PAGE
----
The Light of Other Days
Arthur C. Clarke and Stephen Baxter
In an effort to stay one step ahead of the competition Hiram Patterson, a media and software mogul, develops a remote viewing wormhole device dubbed the WormCam that allows his media outlets to get the jump on news stories around the world. The WormCam is soon discovered to have other uses including looking into the depths of space and into our own past. The ramifications of such a technology begin to have a profound impact not only on the world at large, but on Hiram and his immediate family as well.
A truly inspired concept, The Light of Other Days proposes a technology with far reaching social implications that virtually turns our private lives inside out. First the development of the WormCam allows the media has access to private areas never before imagined. Taking invasion of privacy to new heights, private conversations can be overheard, private moments observed without the person's knowledge or permission. As the technology takes on new dimensions and the past is opened up to remote viewing, every moment of anyone's life is subject to intense scrutiny.
The challenge of trying to explore the implications of such a far-reaching technology within the confines of a fictional narrative is that it threatens to overwhelm the human characters of the story. While reading the novel I often felt frustrated with the characters' development and their relationship to the technology, but in retrospect I realize what an extraordinary effort was required by Clarke and Baxter to tell the story of this technology.
By means of parallel, imagine for a moment trying to tell the history of such a technology as the telephone or the automobile with just handful of characters and a single plot line. I think it would be virtually impossible to encompass all the social implications of the telephone from its inception to our current use of cell phones in such a context. Baxter and Clarke deserve much praise for rising to the challenge of writing such a complex novel.
While the science and technology at the heart of the novel is fascinating and believable, the main characters of the story come off much less favourably. Hiram Patterson and his OurWorld empire is a thinly veiled allusion to Bill Gates and Microsoft. Patterson's machinations and his devil-may-care attitude fell flat for me, coming across more as a soap opera like villain only lacking the moustache twisting and maniacal laughter. Hiram's son Bobby Patterson also lacks any real depth and while his two-dimensional personality is partially explained away later in the novel, it's too late to salvage him as a sympathetic character for the reader to relate to. One of the few characters that I did find accessible was Kate Manzoni, an investigative reporter that ties the various elements of the story together. Unfortunately Kate's character is virtually wasted towards the final third of the novel as she has served her purpose in the narrative and the climax of the technology takes centre stage.
One of the other troubling aspects of the novel for me was the red herring of the Wormwood comet that is trotted out at the beginning of the novel. We learn early on that Kate Mazoni's claim to fame as an investigative reporter is breaking the story of a government cover-up relating to an impending collision with the Wormwood. Granted its arrival is a distant 500 years, but the unavoidable Armageddon has already had far reaching impacts on Earth. The looming prospect of the end of life on Earth at the hands of the asteroid is mentioned on several occasions and the reader is lead to infer that the WormCam technology may be used to resolve this dilemma before the end of the novel. I don't know if this can be considered a spoiler, but the entire wormwood dilemma is dismissed in the final three pages of the book with one sentence.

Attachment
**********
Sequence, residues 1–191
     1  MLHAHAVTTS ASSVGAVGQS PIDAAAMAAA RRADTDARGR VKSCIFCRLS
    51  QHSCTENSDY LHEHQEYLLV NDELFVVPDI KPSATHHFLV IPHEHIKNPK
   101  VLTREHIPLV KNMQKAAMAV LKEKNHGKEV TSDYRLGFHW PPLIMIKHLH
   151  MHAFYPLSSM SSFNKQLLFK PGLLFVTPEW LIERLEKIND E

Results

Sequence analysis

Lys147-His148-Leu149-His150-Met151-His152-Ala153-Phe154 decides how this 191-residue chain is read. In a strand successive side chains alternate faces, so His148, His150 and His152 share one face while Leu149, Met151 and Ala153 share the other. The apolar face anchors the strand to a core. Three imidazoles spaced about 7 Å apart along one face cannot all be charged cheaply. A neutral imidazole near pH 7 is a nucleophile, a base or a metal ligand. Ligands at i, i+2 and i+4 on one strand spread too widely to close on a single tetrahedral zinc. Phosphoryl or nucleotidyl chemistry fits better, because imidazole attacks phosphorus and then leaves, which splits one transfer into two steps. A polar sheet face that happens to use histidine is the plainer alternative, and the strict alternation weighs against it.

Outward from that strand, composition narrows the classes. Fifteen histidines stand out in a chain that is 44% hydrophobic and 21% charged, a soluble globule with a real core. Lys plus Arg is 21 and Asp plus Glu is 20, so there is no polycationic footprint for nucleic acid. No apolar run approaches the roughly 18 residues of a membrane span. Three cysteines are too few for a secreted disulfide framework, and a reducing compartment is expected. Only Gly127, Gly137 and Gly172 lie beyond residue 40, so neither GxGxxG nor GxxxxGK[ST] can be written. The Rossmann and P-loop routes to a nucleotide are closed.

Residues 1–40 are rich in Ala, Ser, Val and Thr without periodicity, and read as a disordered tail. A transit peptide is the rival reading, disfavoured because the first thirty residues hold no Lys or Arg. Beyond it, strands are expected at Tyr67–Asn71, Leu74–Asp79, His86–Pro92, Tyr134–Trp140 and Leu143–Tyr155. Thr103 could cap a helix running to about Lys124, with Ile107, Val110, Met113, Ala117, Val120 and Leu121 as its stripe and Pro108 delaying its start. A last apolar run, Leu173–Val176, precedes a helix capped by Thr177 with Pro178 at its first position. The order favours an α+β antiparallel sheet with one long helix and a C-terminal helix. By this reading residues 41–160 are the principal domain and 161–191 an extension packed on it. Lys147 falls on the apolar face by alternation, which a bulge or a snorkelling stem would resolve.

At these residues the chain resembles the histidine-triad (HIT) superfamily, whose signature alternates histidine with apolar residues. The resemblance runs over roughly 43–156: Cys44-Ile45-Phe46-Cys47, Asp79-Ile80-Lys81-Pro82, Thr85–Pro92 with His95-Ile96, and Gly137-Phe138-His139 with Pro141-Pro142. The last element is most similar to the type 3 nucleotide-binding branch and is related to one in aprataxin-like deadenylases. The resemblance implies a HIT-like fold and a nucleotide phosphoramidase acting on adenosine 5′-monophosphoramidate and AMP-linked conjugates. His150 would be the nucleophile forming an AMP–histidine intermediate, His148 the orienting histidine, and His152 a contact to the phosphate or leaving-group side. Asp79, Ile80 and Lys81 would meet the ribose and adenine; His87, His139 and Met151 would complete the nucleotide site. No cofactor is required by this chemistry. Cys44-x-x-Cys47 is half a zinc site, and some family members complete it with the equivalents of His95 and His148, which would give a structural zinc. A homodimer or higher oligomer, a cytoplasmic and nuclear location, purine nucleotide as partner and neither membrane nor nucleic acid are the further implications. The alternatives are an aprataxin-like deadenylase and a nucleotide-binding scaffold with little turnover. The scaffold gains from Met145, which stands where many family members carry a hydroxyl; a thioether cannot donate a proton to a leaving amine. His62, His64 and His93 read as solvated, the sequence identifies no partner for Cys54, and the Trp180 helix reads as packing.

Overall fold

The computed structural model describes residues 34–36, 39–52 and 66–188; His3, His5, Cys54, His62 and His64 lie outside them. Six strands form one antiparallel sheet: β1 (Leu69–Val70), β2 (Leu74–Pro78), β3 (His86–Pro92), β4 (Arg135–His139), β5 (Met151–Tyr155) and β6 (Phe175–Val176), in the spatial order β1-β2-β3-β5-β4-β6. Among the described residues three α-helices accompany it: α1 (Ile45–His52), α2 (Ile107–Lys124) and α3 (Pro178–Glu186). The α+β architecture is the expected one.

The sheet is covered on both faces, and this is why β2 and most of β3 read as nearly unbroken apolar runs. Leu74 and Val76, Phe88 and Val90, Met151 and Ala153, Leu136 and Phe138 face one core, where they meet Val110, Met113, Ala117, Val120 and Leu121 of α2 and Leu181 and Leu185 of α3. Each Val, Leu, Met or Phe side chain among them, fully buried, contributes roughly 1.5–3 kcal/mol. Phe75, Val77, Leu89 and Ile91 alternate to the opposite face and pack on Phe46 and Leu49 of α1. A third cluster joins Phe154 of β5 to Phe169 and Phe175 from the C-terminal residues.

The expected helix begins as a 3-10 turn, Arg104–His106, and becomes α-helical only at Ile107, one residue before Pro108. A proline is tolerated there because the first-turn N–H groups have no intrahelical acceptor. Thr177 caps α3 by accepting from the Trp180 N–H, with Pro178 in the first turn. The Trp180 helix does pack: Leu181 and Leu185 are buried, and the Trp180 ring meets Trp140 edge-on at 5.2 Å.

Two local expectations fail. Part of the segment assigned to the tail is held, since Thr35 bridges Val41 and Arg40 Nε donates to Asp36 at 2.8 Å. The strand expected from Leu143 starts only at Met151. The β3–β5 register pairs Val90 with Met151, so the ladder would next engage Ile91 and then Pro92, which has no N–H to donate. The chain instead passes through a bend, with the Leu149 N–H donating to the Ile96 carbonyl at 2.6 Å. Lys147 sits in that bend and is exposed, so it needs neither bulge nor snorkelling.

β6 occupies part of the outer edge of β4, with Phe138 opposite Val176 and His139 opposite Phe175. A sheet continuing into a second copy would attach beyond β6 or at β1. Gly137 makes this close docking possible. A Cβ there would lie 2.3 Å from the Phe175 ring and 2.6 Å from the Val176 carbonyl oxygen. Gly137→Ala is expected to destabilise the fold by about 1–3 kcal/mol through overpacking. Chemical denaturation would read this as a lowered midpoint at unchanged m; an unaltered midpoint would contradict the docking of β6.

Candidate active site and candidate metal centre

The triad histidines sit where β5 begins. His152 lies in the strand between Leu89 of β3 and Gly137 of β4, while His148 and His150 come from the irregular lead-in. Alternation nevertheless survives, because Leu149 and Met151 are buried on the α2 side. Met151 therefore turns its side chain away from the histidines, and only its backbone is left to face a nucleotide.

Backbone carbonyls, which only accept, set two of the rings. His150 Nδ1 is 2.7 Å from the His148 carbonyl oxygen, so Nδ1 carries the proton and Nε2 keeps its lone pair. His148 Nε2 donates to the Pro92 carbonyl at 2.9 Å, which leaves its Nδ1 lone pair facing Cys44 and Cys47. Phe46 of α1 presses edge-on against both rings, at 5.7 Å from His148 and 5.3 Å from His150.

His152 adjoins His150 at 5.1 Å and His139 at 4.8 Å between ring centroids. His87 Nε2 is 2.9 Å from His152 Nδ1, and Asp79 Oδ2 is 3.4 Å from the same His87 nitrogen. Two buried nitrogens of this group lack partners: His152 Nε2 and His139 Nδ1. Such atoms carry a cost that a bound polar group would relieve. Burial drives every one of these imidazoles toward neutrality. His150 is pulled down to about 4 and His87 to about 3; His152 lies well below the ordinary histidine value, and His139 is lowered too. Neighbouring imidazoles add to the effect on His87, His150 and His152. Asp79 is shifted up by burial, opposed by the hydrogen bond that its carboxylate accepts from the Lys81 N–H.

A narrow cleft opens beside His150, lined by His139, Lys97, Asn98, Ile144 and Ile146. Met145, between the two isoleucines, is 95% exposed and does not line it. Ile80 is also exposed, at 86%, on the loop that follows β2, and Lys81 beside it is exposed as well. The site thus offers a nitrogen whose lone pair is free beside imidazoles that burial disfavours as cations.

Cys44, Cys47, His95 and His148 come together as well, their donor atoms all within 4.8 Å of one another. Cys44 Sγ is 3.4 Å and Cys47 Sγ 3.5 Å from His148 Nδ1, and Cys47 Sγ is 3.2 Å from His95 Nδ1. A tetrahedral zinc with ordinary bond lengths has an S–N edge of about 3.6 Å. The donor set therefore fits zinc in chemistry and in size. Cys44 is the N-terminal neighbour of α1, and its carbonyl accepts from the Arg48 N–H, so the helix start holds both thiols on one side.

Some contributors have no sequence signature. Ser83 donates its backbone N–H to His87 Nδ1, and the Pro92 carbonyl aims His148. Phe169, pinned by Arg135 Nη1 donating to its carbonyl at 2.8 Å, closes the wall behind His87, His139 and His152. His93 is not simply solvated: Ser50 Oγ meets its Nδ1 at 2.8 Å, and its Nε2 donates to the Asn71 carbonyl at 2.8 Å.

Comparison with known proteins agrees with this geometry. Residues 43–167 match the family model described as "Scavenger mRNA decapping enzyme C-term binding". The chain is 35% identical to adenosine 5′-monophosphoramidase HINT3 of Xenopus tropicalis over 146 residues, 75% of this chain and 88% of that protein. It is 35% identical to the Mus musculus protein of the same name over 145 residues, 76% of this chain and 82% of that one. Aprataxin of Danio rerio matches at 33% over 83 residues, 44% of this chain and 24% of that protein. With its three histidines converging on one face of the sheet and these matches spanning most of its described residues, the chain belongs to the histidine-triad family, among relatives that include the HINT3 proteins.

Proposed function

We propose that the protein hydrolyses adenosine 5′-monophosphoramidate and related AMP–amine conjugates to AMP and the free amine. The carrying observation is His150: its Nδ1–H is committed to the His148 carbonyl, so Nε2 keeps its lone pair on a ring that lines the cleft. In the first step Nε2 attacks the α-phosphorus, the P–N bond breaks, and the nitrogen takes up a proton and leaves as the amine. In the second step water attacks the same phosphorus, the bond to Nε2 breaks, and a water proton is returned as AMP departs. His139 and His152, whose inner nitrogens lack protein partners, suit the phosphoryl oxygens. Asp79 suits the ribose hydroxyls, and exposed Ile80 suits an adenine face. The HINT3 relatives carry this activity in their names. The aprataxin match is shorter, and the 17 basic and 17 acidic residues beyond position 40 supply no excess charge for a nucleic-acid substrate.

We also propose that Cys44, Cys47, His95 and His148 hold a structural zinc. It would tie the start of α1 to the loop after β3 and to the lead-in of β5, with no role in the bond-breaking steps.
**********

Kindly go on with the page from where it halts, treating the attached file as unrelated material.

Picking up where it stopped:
"The Wormwood? You mean the comet. We pushed that away long ago." She said it casually, as if a moth had been brushed aside.
Arggh! Why trot the damn thing out in the first place and dangle it before the audience if it was just a distraction. In my opinion the novel wouldn't suffer without reference to it. Whehter it was initially intended as a bigger plot element, but was discarded as the book wound down only the authors and perhaps their editor could answer that.
More frustrating is the final chapter that ends abruptly and the tacked on epilogue that seems desperate for closure. Both elements weakened the overall impact for of the story for me.
As part of the afterword the authors cite a number fictional and non-fictional works about the nature of wormholes and viewing the past.
An entertaining read for some great concepts, but unfortunately I predict the characters will fade from memory soon after putting the book down.
©2002 - A. Taylor
Review Posted: 2002-08-01
Review Posted: 2002-08-01
Light of Other Days - at Google Print
A service offered by Google - Google Print allows you to search books online and view either excerpts or entire text depending on copyright and arrangments worked out with publishers. This appears to be the first three pages of the novel Light of Other Days. It also allows you to search within the story for keywords.
Arthur C. Clarke Foundation
How many SF authors have a FOUNDATION named after them? Sir Arthur C. Clarke's scientific legacy and imagination has inspired the foundation to strive for the synthesis of science, literature and social concern that is reflected in the author's work. The site contains an overview of projects undertaken by the foundation as well as a biography and essays by Arthur C. Clarke.
A Stephen Baxter fan site maintained by Simon Bradshaw that has a good overview of the author and his work. Unfortunately the site was last updated in 2002 by the looks of it.